Nearly five years after the loss of their son, a Zionsville family was honored at the Jan. 1 the Rose Parade in Pasadena, Calif. for their contributions to the organ donation cause.
Janice Langford and Bryan Langford’s world was tragically altered in May 2014 when their son, Justin Langford, died at age 23 in an auto accident. Justin was driving a flat-bed truck during performance calibration activities for his employer, Allison Transmission, while on a work trip in Flagstaff, Ariz.
“He only lived 23 years,” Janice said. “But we had a great 23 years.”
Although his death was heartbreaking for his family and friends, Justin’s loved ones have found hope and meaning by ensuring that his legacy lives on. As an organ donor, Justin posthumously saved the lives of five people, including a 2-year-old boy. He also enhanced more than 22 lives through his tissue and cornea donation.
The Langford legacy
To honor the memory of their son and give positive meaning to a difficult loss, the Langfords have contributed more than 1,500 hours of volunteer service to advance the cause of donation and transplantation.
Because of Justin’s heroic donation and his family’s tireless efforts to promote organ donation, Indiana Donor Network selected Justin to be featured on the Donate Life Rose Parade float.
“I think it was based on our volunteer hours, the story we have to share as well as our commitment and dedication to the cause,” Janice said.
The Langfords also created Justin’s Run4Hope in 2016 to inspire hope and well-being. Proceeds from the 4-mile walk/run, 1-mile walk and half-mile kids dash go to the Justin David Langford Memorial Fund for a scholarship at Vanderbilt University and Zionsville Community High School.
Justin, a 2009 ZCHS graduate, graduated from Vanderbilt in 2013. His younger brother, Kyle, also is a Vanderbilt graduate now in his second year of medical school.
Donate Life Indiana is the local chapter for Donate Life, which has participated in the Rose Parade every year since 2004 by creating a float to honor donors.
In 2004, the continuing growth in the United States organ transplant waiting list motivated the donation and transplantation community to find creative ways to inspire people to be organ and tissue donors, according to a 2005 journal of the European Transplant Coordinators Organization.
“Among such efforts, perhaps the most innovative and far-reaching is the entry of a donation/transplantation-themed float in the world-famous Tournament of Roses Parade,” the journal reads.
Each year, a deceased organ donor is selected as the float’s honoree, and a floragraph is created in their likeness. The floragraph is made of natural materials such as flowers, seeds and spices. The portrait is made to near completion, then sent to the family to add the finishing touches.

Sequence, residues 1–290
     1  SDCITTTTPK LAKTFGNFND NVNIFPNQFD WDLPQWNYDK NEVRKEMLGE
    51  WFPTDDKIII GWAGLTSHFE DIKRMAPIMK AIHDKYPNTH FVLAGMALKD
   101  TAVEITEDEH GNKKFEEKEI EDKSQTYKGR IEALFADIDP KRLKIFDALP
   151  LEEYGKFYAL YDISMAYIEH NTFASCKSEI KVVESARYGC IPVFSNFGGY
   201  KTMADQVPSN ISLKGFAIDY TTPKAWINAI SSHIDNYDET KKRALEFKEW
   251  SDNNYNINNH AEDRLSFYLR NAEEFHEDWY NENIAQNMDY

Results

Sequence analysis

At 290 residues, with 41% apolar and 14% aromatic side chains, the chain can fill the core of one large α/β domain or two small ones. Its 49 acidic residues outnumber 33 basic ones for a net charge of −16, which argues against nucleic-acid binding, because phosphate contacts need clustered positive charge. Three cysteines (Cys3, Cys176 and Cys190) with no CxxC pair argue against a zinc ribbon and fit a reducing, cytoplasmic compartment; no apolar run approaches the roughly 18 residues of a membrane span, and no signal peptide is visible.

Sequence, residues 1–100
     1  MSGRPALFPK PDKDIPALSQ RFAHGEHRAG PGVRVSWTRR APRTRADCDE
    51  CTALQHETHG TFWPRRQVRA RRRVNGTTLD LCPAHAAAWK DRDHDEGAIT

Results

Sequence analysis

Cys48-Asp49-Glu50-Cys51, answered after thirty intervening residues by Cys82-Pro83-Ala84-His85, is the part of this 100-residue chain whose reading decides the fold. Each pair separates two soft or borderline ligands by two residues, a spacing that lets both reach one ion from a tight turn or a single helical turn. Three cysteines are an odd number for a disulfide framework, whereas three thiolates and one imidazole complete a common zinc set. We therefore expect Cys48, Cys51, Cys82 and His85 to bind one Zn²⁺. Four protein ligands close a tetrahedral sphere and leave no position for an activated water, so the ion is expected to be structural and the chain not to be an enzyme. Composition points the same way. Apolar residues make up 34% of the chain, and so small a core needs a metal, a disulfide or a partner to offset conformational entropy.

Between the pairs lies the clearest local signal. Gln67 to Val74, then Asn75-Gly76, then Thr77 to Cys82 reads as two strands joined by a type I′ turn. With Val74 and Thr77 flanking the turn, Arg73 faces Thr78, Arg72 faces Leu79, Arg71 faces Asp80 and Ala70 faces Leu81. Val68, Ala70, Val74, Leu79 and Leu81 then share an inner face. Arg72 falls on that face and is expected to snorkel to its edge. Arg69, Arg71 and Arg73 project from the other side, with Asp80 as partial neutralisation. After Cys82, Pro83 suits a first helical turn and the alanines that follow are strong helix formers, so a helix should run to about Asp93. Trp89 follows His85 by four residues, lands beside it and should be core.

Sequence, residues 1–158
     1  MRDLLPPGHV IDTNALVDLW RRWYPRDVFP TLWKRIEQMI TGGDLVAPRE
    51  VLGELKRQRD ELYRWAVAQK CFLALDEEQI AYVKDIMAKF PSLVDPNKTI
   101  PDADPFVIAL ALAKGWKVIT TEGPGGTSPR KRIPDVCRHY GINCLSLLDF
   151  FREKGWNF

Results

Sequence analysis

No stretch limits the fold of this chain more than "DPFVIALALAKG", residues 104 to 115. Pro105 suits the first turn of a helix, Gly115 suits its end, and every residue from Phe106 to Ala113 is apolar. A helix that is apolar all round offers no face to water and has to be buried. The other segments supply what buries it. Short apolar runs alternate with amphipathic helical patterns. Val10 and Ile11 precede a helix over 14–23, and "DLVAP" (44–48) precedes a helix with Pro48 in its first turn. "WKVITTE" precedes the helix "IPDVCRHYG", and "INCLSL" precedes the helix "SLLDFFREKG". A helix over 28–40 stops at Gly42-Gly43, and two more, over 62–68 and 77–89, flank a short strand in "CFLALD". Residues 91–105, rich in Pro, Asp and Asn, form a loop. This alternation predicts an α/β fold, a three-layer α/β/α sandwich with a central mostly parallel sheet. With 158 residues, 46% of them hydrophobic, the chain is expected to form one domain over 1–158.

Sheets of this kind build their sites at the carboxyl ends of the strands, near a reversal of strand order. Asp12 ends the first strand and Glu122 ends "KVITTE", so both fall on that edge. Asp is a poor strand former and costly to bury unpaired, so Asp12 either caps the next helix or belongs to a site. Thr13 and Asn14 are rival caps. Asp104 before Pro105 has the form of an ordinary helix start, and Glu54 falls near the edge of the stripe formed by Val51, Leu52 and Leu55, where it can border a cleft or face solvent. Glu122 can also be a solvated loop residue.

Indiana Donor Network and Donate Life Indiana, two separate nonprofits but connected organizations, play a large role in Indiana organ donations and transplants. Donate Life Indiana manages the Indiana donor registry, while the Indiana Donor Network facilitates the clinical donation and transplantation process for most of the state of Indiana.
In this year’s parade, the Donate Life float won awards for Most Outstanding and Dramatic Impact.
“In 2018, Hoosier donors saved 635 lives through organ donation and more than 1,200 Hoosiers also gave the gift of tissue donation,’ said Mark Back, Indiana Donor Network media relations and communications specialist.
According to the network, there are 1,300 Hoosiers on the national transplant waiting list, which has an estimated total 114,000 people. One person is added to the list every 10 minutes.
A lasting impact
Although they miss their son, the Langfords have been inspired by the lives he saved.
While traveling with the floragraph, they had the opportunity to meet three of Justin’s five major organ recipients — Alex Taylor, a kidney recipient who was 2 years old at the time of the transplant; Michael Valdez, a kidney and pancreas recipient; and Fernando Zazueta, the heart recipient.
“(There was an) emotional moment of hearing Justin’s heart in Fernando, beating and giving and hope,” Bryan said.
The couple said providing support to others is an major basis for their daily actions. They intentionally find ways to give back to the community and to those who also have lost a child.
“We have our Allison Transmission family, our Vanderbilt family and our New Hope Christian Church family,” Janice said. “We have received so much support from the Zionsville community in general.”
Justin’s former coworkers at Allison Transmission, some of whom were on-scene at the accident and stayed with Justin and his family through his several-day hospital stay, still go out for lunch on his birthday each year. On Jan. 24, he would have been 28 years old.
“Justin lived life to the fullest. He was incredible. He touched a lot of lives. We’re just thankful that God gave us the opportunity to be his parents,” Bryan said.
The Langfords are busy planning and coordinating the 2019 Run for Hope, scheduled for May 18. The event offers a 4-mile run, 1-mile walk or kid’s dash. For more, visit Justin’sRun4hope.com.